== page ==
Firsthand accounts from World War II are getting harder to come by, but a former prisoner of war is finally sharing his story near the end of his life.
Spring Hill resident Michael Fleischmann spent more than seven months in a German prison camp during the war.
A total of 73 years later, and Michael Fleischmann vividly recalls the night of his capture in 1944.
“There was a house down in this valley," says Fleischmann. "Our commanding officer said, ‘I want that house for a base.’ And when we got in the house, the Germans fired on us. When the ammunition ran out, there was nothing we could do but surrender.”
For someone who is 96, Fleischmann is sharp. He doesn’t remember everything that happened during his time as a prisoner, but there are things he says he’ll never forget — like the time he took a bullet to the neck, just before he was captured.
"A bullet must’ve hit the wall or something and bounced off and hit me," he says. "I felt up there, looked at it, and I had a handful of blood. I couldn’t talk for about two weeks.”
Fleischmann’s memories from the camp are graphic: fleas that never went away, German shepherds that would drag sick men from their beds when they couldn’t stand for roll call. They’re memories he’s reluctant to relive.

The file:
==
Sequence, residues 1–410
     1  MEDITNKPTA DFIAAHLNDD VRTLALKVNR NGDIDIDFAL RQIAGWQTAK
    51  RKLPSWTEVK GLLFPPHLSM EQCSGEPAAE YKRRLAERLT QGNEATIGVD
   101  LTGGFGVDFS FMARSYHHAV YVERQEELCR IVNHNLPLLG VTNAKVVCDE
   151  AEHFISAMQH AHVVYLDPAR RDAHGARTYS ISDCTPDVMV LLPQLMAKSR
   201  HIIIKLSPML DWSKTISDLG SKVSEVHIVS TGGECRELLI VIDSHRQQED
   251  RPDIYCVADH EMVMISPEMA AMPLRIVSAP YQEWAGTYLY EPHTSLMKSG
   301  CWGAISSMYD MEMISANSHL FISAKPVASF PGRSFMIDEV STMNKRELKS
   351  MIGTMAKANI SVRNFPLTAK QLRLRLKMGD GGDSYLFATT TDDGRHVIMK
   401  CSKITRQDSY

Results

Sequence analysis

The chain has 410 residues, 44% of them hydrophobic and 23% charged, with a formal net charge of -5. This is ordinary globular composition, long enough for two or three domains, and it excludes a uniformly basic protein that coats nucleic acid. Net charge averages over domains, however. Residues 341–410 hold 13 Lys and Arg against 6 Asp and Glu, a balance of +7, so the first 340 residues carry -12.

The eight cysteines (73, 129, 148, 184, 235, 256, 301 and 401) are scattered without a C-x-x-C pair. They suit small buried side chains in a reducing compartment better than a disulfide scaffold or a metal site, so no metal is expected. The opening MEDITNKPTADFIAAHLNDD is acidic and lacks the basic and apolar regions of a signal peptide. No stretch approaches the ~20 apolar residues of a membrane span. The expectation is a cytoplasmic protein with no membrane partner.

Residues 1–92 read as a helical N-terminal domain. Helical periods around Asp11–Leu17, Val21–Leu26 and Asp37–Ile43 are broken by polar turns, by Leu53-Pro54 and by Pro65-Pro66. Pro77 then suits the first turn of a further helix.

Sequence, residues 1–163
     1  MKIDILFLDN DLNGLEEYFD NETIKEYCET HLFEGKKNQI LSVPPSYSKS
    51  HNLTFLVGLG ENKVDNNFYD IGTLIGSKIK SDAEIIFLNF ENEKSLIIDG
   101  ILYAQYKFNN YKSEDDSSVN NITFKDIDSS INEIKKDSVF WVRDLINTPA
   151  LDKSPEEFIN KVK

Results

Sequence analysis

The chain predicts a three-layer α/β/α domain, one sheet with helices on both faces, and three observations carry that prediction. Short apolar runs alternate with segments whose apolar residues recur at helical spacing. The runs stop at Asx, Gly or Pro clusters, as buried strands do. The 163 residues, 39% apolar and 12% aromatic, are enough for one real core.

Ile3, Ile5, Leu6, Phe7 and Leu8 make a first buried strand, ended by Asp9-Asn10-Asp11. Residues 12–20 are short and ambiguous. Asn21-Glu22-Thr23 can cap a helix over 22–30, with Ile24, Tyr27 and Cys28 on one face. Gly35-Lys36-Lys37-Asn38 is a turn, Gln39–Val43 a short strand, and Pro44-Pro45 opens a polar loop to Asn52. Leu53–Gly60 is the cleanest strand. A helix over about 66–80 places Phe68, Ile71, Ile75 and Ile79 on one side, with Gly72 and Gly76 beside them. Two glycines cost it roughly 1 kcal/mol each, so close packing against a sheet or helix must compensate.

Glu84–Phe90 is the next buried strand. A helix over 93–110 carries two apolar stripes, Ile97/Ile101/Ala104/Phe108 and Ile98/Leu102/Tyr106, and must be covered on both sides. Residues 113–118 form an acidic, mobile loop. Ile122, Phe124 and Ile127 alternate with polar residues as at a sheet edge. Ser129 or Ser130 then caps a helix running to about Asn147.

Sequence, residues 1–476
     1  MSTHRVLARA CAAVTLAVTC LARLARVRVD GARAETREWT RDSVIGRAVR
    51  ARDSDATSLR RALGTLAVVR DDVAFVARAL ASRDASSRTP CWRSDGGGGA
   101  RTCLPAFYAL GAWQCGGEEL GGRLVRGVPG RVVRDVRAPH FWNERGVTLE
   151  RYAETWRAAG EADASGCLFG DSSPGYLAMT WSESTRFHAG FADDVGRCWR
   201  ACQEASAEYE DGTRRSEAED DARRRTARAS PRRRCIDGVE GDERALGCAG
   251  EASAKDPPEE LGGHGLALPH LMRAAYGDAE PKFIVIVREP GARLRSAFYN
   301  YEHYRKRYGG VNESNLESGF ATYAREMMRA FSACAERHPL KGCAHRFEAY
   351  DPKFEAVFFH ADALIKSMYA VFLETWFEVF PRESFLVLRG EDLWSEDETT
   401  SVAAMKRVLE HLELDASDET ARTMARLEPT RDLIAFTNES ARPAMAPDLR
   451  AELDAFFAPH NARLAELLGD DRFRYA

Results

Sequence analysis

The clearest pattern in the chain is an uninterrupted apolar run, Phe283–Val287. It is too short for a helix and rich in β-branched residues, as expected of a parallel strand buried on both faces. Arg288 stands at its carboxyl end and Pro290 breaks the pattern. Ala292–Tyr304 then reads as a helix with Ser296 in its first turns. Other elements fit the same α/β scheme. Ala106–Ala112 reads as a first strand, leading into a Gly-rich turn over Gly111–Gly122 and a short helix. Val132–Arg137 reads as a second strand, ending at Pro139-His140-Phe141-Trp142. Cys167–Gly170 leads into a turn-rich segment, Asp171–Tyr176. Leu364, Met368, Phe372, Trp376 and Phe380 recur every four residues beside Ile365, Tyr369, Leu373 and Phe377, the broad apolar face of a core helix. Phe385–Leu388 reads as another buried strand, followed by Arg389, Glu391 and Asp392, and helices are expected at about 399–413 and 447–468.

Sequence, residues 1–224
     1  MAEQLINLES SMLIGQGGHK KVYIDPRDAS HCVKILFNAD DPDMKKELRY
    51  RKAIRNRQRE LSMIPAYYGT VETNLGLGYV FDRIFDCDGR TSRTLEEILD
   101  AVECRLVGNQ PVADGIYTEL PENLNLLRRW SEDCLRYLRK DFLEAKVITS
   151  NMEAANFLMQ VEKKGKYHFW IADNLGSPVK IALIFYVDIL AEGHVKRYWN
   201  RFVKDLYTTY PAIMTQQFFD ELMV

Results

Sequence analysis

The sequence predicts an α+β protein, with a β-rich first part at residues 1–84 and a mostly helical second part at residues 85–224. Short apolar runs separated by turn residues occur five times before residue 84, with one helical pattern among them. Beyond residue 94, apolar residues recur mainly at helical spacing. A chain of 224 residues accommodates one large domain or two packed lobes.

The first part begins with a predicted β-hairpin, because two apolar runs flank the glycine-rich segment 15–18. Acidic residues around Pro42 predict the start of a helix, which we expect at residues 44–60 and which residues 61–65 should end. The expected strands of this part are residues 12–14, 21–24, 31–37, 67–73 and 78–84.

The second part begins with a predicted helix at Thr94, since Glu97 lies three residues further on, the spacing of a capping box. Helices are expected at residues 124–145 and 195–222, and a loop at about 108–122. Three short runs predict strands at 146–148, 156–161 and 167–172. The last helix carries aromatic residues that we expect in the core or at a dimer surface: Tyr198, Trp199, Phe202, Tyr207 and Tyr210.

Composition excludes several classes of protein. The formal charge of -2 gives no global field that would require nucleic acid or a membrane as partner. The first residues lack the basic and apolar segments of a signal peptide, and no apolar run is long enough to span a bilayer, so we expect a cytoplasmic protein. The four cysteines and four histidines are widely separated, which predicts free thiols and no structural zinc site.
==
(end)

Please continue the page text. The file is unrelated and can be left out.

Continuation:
And despite the passing of time, Fleischmann admits that he still has nightmares of the war. His son-in-law Mike Mikula, who lives with Fleischmann in Spring Hill, says they can even get violent.
“At the end of the bed we have cushions because he still has dreams to this day," says Mikula. "I mean, you’re talking almost 75 years later he kicks out and cries out.”
But time seems to soften the blow of remembering — at least that was the case for Fleischmann.
After many tight-lipped years, Fleischmann is speaking up more often, he says, because stories like his are disappearing. Less than 5 percent of World War II veterans are still alive, and even fewer are former POWs. Fleischman says he realized this at POW meetings.
“When I first started going to those monthly meetings, there were probably about 25, maybe 30 — somewhere around there," he says. "But when I left, there were only about four or five left altogether.”
His daughter, Kathy Mikula, says that she only knew bits and pieces of her father’s story. Mikula is finally seeing the bigger picture, and she says it’s been eye-opening.
“For many years dad never shared with us," she says. "And I know it was difficult for him as a prisoner of war. I guess it’s just been interesting to see that piece of his life he endured. We’re tremendously proud of him.”
Michael Fleischmann’s days of service are decades behind him. But for Fleischmann and the last living men of his kind, the war hasn’t faded.
“The memories are all there," says Fleischmann. "You never forget.”